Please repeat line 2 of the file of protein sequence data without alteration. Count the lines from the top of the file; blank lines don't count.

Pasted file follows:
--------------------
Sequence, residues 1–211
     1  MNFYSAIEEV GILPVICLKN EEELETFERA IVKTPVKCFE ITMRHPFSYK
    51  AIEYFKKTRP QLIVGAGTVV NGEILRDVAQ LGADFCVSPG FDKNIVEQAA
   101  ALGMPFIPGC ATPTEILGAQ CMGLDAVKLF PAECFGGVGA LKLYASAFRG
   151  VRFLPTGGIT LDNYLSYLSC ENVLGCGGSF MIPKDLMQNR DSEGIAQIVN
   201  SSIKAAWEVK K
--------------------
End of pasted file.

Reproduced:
     1  MNFYSAIEEV GILPVICLKN EEELETFERA IVKTPVKCFE ITMRHPFSYK